Hanging on the wall of her bedroom back home is a poem that senior Leah Rosen wrote in fourth grade. Titled “Where I’m From,” it lists trademarks of her childhood—rainy days in the Pacific Northwest, weekend soccer games and a growing love of medicine fostered by her parents.

Although much has changed since Rosen was an 8-year-old living in Oregon, she still writes and loves poetry. And she will be delivering a poem to the University as the student commencement speaker during graduation May 12.

Alongside Rosen will be Lisa Borders, former president and CEO of TIME'S UP, who was chosen to be the Commencement address speaker in February.

Her poem was selected from many speeches submitted by undergraduate and graduate students. It “stood out” to the selection committee as appealing to all graduate candidates and members of the audience, even though Rosen wrote it to herself in a Duke course.

Even though she was not a student enrolled in the course, Rosen, as a teaching assistant, participated in the class’s final project: writing a poem to Duke that featured one’s best and more imperfect moments. 

“To a lot of people, poetry is a great way of capturing a feeling that prose just can’t,” Rosen said.

The poem describes the difference between “being” and “doing,” something Rosen thinks everyone in both academia and the workforce can relate to.

“Parents in the audience might be surprised to hear everything in the poem,” Rosen said. “As students, we don’t want to tell our parents, ‘I’m stressed. I’m overworked. My heart isn’t in what I'm doing.’” 

During her first year, she explained that she “fell into the trap”—in which many Duke students find themselves—of becoming “completely overwhelmed by your work."

“It chews you up, spits you out and tells you to do better,” Rosen said.

However, after going abroad to London during the Fall of her junior year, Rosen experienced more global culture and made deeper personal connections. She reevaluated how she was spending her time and reflected on her motivations.

“Learning shouldn’t be just about copying and studying, it should be about experiences,” Rosen said. “This poem is about the understanding of being and who you are and how that relates to what you do.”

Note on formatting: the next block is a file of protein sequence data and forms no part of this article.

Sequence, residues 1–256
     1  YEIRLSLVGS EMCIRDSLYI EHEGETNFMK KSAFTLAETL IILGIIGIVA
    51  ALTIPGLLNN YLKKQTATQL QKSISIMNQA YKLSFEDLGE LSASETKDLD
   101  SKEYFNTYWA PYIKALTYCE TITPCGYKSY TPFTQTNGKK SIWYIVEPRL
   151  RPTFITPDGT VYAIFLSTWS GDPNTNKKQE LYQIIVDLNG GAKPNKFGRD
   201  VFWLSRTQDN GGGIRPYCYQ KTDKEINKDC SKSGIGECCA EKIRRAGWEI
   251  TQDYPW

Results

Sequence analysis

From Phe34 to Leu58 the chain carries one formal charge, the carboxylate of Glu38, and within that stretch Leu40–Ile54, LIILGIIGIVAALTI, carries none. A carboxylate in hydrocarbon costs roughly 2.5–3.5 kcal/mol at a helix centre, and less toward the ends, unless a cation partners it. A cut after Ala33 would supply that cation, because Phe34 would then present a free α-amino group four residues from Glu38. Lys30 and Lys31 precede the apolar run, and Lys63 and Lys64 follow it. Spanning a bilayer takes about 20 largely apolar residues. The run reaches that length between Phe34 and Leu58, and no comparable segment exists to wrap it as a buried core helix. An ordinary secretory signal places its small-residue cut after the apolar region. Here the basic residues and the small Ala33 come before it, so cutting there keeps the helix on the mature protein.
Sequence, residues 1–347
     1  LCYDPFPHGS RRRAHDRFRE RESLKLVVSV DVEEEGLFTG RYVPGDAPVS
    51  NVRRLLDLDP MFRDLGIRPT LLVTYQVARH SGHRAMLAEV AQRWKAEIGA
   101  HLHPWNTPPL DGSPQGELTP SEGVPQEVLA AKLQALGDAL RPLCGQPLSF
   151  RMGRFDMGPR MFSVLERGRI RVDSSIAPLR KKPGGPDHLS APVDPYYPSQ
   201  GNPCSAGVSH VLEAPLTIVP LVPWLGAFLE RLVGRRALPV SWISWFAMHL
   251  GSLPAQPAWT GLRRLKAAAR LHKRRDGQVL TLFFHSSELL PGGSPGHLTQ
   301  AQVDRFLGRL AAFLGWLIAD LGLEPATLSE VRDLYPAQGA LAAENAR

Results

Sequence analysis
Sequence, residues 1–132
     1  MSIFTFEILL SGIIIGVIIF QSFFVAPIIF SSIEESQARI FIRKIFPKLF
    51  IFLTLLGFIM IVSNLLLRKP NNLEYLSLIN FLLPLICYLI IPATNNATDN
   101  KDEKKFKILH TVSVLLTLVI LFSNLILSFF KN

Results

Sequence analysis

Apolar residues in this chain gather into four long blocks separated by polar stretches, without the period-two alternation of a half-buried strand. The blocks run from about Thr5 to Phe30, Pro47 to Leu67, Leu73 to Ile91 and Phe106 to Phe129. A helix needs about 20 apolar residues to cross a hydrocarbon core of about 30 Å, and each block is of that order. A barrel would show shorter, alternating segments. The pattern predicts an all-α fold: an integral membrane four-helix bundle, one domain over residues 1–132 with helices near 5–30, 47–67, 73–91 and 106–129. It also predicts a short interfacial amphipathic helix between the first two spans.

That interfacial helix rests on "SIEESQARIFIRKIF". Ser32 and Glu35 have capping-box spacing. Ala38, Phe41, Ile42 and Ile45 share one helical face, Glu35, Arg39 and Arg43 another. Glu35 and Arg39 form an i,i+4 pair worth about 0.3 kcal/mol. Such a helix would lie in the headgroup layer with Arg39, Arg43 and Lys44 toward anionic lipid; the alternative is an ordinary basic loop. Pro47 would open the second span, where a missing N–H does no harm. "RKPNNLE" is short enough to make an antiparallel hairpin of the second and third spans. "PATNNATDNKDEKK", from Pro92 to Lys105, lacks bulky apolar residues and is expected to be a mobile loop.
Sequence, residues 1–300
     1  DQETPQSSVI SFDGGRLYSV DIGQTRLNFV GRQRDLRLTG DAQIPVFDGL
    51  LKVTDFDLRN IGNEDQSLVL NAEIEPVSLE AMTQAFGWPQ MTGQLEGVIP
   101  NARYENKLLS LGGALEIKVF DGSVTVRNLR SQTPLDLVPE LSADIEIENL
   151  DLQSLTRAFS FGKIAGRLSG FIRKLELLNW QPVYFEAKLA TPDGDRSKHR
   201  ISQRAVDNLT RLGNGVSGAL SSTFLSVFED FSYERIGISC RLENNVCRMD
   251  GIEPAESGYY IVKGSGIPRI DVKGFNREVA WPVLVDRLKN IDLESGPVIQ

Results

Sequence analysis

Whereas during her first two years Rosen cared primarily about schoolwork, she has since realized that the people at Duke are what makes it special, resulting in her last year being the happiest yet.

Her favorite times at Duke mainly revolve around her friends, from taking her German roommate to Disney World for the first time to going to Mardi Gras in February. 

“I don’t know if my Duke experience would have been as amazing if I was four years older or younger,” Rosen said. “The people that I’m graduating with are the best. I can’t wait to see what everyone does later in life.”

Rosen’s regrets at Duke are limited, but certainly include never tenting and not seeing former President Barack Obama, one of her personal role models, at the University of North Carolina at Chapel Hill game this year.

She aspires to attend medical school, so she took a humanities approach to the pre-medical curriculum at Duke with her Program II major in illness and identity. 

Specifically, she studies how biological or cultural factors can predispose someone to illness, and how the experience of illness can shape one’s sense of self. Rosen ultimately wants to understand more about the human condition and how it is affected by illnesses.

Her Program II advisor Robert Thompson, professor emeritus of psychology and neuroscience, spoke to the “very rewarding experience” of getting to know Rosen. The two have known each other since Rosen took one of his courses as a first-year.

“Her intellectual curiosity and passion for ideas are contagious. Her openness and willingness to challenge herself are remarkable, and her commitment to service is a fundamental component of her identity,” Thompson said. “She is one of those special individuals who make a difference in the lives of others.”